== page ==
This phrase appeared in The Cincinnati Enquirer in 2005:

Too bad his long goodbye was not also a farewell to his brand of Rather-biased journalism, which is all over the press like green hair on a Chia Pet after a Texas toad-choker.

Googling toad-choker suggests it is a slang term regional to the Southern U.S. and particularly Texas. Farlex Idioms gives this definition:

a (real) toad-choker: A particularly heavy or torrential downpour of rain. (Chiefly heard in the southern United States.)

I can't find any reputable source on the origin or time period of this term. It doesn't register on Google Ngram and it isn't listed in Green's Dictionary of Slang. Is it recent slang, an old folk expression, or what?


4 Answers 4


Regarding 'toad-choker', a number of variants occur. All are Southern US in origin, and all refer to torrential rainfall. Use of the phrase is hyperbolic and humorous; the notion that toads (or frogs, see variants) actually drown in such rainfall would, in the areas where the phrase is used, be considered worth a chuckle in its own right — the phrase is not intended to be taken seriously, although undoubtedly the more courteous and circumspect of Southern speakers would briefly entertain the notion, if for no other reason than to put the person who might take the phrase seriously at their ease.

Some variants, collected from the popular press, along with the first dates of use found, and the region where the phrase was published or was said to have been used (the latter enclosed in square brackets):

toad-strangler         Yorkville, South Carolina    1870  
frog-strangler         [Texas]                      1892  
toad frog strangler    Pine Bluff, Arkansas         1902  
bull frog choker       Talladega, Alabama           1911  
toad choker            [Florida]                    1927  
frog choker            Florida                      1952  
frog drowner           Michigan                     1953  
toad drowner           Indiana                      1979 

Although not represented in the first uses of the variants until 1979, Indiana was well-represented overall in the regions of use.

In the 'scientific', or at least systematic, 1962 The regional vocabulary of Texas, by Elmer Bagby Atwood, Atwood reports percentages of possible occurrences from field collections for various phrases denoting 'torrential rain':

For an unusually heavy rain that does not last very long, the most frequent expression is gully washer (37), followed by downpour (30), and cloudburst (19) (Map 89). Other less common terms (less than 5 per cent) are flood, flash flood, pourdown, and waterspout. A good many humorous phrases have a limited currency — from two to ten occurrrences each. Among these are chunk floater, chunk mover, frog strangler, dam buster, stump mover, trash floater, and toad strangler. Many others occur only once each, but may not necessarily be original: clod roller, cob floater, duck drencher, dumplin mover, and so on.

[Bold emphasis mine. For details of Atwood's methodology, see linked work.]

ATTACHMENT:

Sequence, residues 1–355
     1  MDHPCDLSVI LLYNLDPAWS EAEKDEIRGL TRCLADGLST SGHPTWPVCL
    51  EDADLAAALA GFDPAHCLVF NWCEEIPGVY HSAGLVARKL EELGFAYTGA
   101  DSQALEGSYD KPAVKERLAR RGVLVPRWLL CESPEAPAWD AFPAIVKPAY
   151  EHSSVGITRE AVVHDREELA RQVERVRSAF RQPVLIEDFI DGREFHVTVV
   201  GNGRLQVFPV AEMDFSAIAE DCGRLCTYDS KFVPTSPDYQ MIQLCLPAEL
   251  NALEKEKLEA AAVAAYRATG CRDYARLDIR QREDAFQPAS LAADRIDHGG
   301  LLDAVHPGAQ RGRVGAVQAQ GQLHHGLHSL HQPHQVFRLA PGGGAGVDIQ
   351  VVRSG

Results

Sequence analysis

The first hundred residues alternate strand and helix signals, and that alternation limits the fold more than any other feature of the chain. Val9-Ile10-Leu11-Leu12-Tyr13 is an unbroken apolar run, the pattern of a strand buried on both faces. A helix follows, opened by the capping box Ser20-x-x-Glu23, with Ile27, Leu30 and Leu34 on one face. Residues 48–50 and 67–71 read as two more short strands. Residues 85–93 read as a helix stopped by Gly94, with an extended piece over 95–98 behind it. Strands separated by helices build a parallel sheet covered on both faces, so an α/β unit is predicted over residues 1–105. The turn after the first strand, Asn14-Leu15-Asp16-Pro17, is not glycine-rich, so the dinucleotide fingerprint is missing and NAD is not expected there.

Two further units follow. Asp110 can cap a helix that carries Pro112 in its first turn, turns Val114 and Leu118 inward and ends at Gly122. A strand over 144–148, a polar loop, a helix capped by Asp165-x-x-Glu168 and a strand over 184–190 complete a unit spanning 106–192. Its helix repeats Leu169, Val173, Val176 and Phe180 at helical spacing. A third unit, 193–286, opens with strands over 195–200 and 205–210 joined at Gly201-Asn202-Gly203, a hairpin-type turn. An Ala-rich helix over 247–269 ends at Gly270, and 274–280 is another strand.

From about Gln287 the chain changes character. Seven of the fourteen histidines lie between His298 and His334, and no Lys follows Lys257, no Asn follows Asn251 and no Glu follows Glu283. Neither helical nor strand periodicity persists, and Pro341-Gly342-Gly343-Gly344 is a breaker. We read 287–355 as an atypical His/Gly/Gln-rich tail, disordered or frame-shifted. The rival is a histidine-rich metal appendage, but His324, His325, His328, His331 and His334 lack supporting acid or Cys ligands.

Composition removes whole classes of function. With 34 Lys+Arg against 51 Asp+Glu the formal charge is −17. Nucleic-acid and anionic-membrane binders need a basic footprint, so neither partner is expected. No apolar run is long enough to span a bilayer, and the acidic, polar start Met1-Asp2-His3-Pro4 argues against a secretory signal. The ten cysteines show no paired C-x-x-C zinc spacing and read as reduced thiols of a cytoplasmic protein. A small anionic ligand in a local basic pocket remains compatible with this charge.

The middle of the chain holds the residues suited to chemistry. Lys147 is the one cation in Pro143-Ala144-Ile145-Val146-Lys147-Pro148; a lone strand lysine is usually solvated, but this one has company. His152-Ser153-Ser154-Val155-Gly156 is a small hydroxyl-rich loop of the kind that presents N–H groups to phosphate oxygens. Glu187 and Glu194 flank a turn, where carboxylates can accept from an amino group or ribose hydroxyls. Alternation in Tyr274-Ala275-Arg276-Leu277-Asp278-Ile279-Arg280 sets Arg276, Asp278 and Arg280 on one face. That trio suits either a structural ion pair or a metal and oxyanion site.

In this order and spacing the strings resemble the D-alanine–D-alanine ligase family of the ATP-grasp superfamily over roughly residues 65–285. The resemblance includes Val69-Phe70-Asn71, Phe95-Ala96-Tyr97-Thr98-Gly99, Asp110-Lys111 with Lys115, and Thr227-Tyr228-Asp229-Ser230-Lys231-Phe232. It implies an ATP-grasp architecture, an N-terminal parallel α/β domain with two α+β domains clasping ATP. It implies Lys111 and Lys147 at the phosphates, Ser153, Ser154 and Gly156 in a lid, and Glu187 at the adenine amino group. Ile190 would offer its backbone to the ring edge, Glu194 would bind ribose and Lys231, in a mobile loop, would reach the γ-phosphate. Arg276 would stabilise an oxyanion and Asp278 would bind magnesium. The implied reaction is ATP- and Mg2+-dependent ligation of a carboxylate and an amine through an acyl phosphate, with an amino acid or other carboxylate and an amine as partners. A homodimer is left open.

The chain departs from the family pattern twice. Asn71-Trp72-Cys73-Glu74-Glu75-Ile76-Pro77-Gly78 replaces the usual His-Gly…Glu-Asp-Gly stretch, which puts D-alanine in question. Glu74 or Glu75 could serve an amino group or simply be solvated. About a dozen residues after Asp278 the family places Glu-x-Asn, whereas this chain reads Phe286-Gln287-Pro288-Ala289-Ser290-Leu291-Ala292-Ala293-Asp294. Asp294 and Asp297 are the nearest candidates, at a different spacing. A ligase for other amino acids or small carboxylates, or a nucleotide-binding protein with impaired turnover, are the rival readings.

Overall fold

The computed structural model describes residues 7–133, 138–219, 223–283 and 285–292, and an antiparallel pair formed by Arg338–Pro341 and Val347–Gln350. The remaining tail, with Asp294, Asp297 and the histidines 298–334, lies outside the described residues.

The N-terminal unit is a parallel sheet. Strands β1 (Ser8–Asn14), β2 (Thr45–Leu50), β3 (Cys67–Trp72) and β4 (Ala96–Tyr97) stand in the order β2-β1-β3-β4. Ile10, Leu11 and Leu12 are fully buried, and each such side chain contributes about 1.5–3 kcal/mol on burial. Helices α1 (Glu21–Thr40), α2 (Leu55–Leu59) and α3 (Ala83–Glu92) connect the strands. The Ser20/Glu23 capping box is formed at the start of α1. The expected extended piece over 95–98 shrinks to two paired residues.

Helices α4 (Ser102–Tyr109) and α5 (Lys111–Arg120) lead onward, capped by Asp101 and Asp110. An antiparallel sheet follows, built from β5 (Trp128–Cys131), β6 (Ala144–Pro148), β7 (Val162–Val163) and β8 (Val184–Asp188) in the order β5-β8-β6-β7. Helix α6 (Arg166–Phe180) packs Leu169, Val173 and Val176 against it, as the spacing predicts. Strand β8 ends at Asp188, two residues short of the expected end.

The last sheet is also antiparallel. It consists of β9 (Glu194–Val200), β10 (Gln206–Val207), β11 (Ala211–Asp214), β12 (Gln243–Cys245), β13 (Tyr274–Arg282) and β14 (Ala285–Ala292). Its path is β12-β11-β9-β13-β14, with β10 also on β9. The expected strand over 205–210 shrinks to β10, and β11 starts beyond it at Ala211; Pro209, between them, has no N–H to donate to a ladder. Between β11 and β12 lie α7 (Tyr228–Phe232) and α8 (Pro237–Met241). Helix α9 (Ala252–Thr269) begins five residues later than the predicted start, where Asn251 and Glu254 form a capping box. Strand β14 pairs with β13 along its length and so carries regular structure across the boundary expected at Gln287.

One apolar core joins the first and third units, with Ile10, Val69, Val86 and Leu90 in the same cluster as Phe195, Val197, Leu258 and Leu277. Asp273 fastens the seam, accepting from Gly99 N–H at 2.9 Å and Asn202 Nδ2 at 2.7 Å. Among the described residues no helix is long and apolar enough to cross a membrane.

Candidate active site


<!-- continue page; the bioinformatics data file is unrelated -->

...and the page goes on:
I looked up water aeration (the act of introducing oxgen to water), and found mention of low oxygen levels due to heavy rain:

During heavy rain, London's sewage storm pipes overflow into the River Thames, sending dissolved oxygen levels plummeting and threatening the species it supports..

Another source states that rain acidity can be the cause:

Therefore, the amount of oxygen in the water is positively correlated to pH – the higher the pH, the more hydroxyl ions in the mix, therefore the more oxygen. So acid rain has a low level of oxygen within it.

It continues about the negative impact to fish in cases of heavy rainfall:

Is this due to the fact the rainwater contains very little oxygen? Does this push the fish deeper as they now cannot breathe very well in the surface layers? I would suggest it is a combination of all of the above factors – the sense of relief, the low levels of oxygen in the surface layers, the swings in barometric pressure they feel in their swim bladders and the fact this combination has got the carp ‘stirred up’ and moving about.

So it seems fair to say that heavy rain can have a negative effect on the oxygenation of water. Therefore, heavy rain can cause fish (and toads) to suffocate from a lack of oxygen.

It seems fair to assume that "choking" and "suffocating" are synonymous enough for the current context, given that "toad-choker" is not intended to be factually correct, and is a rather blunt way of phrasing it.

The article mentions that deoxygenation of the water is not the sole cause. However, given that regional slang terms have little to no requirement of factual correctness, it's open to interpretation that people refer to deoxygenation as both the effect of heavy rainfall and the sole cause for the dead toads that follow in its wake.


According to this entry in the Dictionary of American Regional English, the phrase "toad-strangler" shows up mostly around the Gulf states and spans from at least 1906 to today.

1906 Landmark (Statesville NC) 1 June [4/5] (newspaperarchive.com) TX, Have had several rains in the past two weeks and last night a regular toad strangler fell.



Southeastern Louisiana, well-read but very country father born in the early 1940s has always said “toad-strangler”. Worth note, he normally prefers “toad-frog” when speaking of toads in any other context.

Can toads drown? Apparently so… unless it was starvation. We had one here get trapped in a flower pot that was empty except for rain water. It Died and became swollen. Naturally the toad strangler phrase is more for fun, but still….

Your Answer

By clicking “Post Your Answer”, you agree to our terms of service and acknowledge you have read our privacy policy.

Not the answer you're looking for? Browse other questions tagged or ask your own question.